One of the nation’s largest July Fourth fireworks shows moves back to the Hudson River this year to celebrate the 400th anniversary of English explorer Henry Hudson’s voyage to New York.
It’s been 9 years since we’ve had the Macy’s extravaganza on this side of Manhattan. Ordinarily it’s held on the East River — although the extravaganza began on the Hudson 50 years ago.
Henry Hudson sailed the river in 1609 in the Dutch-flagged Half Moon while trying to find a passage to Asia. Rumor is he found a few dead wiseguys tied to concrete blocks, several loose tires and flocks of Canada geese.
The Dutch East India Company chose Hudson for the task to open its trade routes. He was told to sail around the Arctic Ocean north of Russia, into the Pacific and to the Far East. But ice got in the way, and Hudson tried to find a detour through North America.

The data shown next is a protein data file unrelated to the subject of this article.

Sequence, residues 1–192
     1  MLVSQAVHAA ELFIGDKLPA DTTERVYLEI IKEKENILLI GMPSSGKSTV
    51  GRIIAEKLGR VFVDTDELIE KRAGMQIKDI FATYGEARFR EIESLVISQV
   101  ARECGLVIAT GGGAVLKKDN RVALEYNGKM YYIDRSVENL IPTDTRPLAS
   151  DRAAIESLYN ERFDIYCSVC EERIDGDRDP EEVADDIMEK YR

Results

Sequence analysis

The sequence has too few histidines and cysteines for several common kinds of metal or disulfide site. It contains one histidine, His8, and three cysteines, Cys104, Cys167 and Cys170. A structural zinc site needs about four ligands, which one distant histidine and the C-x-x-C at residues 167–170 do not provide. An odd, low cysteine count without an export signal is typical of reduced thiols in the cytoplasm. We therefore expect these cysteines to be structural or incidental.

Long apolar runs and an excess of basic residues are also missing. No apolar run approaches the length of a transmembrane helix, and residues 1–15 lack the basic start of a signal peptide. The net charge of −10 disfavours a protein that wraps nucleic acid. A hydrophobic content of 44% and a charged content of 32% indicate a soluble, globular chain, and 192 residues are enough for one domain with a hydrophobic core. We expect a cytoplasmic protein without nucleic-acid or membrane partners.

After dallying in the Chesapeake and Delaware bays, he made his way to New York Harbor and onto the river discovered by Giovanni da Verrazano in 1524.
Hudson then proceeded north past Wall Street, the Chelsea Piers, the New York Waterways ferry and under the George Washington Bridge — all of which, of course, weren’t in existence at the time.
Hudson actually did make it as far as Albany, when, like many men, he realized he was on the wrong route and had to turn around.
His crew mutineed, setting Hudson adrift.
No one knows what happened to him.
Only the river.
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